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  • Writer's pictureAffy Bhatti

Celebrating Christmas In Australia: A Quick Guide


celebrating Christmas in Australia

Christmas remains one of Australia’s core celebrations, celebrated by both Christians and non-Christians. For many migrants, however, it can be a strange experience indeed, as you might come to Australia expecting a ‘traditional’  and end up having an experience that is nothing like the snow-and-trees Christmases that you’ll see in movies.


That was the experience that Bless Payments’ own co-founder, Affy went through. As a Muslim, he had experienced what a traditional Christmas looks and feels like, and then, after coming to Australia, realised just how open Australians were about the holiday.

 

Having grown up in England, Affy’s experience of Christmas was short days and long nights, freezing weather and snow, Christmas Carols in the High Street and shopping malls and watching Gremlins, Home Alone and Die Hard on TV - very much that traditional and cinematic Christmas that has so captured generations of imaginations.


Then he moved to Australia and quickly found that Christmas here is very, very different.


For one thing, it’s hot. Really hot. That might be stating the obvious, but December is peak summer here, and snow doesn’t tend to fall on 30+ degrees Celsius days. This has many knock-on effects on how Australians celebrate Christmas.


For example, rather than a “traditional” Christmas feast, in Australia, families love to get out and enjoy an outdoor BBQ, cold seafood platters, and a game of backyard cricket.


And due to Christmas coinciding with summer holidays for workers, and school holidays for children, people of all faiths and backgrounds tend to celebrate the string of public holidays and the end of the year together at the same time.


For that reason, it’s more common to see “Happy Holidays” or “Season’s Greetings” than “Merry Christmas” in the public sphere. Businesses, media outlets and government organisations that want to be inclusive within our very multicultural society have developed this as a secular way of allowing everyone to participate in the season.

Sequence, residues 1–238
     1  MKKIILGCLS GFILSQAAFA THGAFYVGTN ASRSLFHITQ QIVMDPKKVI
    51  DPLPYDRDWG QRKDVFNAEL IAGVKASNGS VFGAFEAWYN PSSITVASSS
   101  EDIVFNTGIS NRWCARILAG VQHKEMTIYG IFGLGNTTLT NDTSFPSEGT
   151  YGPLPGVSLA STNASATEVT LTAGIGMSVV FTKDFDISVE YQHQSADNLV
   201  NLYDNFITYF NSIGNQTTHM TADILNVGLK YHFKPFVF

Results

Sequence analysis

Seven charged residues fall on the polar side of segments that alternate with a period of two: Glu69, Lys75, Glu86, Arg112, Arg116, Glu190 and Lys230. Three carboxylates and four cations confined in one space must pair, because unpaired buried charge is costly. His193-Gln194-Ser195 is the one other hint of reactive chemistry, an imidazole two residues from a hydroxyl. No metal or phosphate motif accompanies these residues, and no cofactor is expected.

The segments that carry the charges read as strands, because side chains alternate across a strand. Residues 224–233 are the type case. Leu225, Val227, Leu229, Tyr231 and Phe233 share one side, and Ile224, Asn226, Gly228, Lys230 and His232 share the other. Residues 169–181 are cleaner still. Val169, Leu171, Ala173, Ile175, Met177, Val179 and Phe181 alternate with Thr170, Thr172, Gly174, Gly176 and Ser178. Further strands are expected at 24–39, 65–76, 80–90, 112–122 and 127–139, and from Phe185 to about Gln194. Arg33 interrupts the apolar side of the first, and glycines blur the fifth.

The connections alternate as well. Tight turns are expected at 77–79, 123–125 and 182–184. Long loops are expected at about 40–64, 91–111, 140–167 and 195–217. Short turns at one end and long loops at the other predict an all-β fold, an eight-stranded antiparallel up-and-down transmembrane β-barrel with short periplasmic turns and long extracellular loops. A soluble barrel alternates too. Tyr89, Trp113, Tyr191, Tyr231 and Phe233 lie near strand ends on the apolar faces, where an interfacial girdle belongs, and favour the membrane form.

Here at Bless Payments, we recognise every holiday. So for our Christian friends and colleagues or anyone who celebrates Christmas, we wish them “Merry Christmas” rather than “Happy Holidays” as we know how much it means to us when our own major holidays, celebrations and events are recognised by others.


Some Tips for Christmas in Australia

Australia is fun, welcoming, and a wonderfully unique experience that Australians love dearly, regardless of cultural or spiritual background.


Make the Most of community events: All councils & city centres try to make this time of year as special for families and children as possible. Carols by Candlelight might sound like a religious tradition, but in reality, it’s a family-friendly event where local singers and performers come together to entertain people at a (generally free) concert.


Go Looking For Christmas Lights: Many Australians love to decorate the front of their homes with Christmas lights and decorations. If you hop in your car and drive around town you’ll discover some incredible displays by some very creative people, best is after sunset. There’s even the rare street where every homeowner will pull out some lights. Council websites or even your neighbourhood’s community Facebook page will have lots of discussions, including the best streets to visit to see Christmas lights.


Boxing Day Cricket Test Match: Australians love Cricket, like most of us and it’s great to listen live on your phone during a picnic with family & friends outside.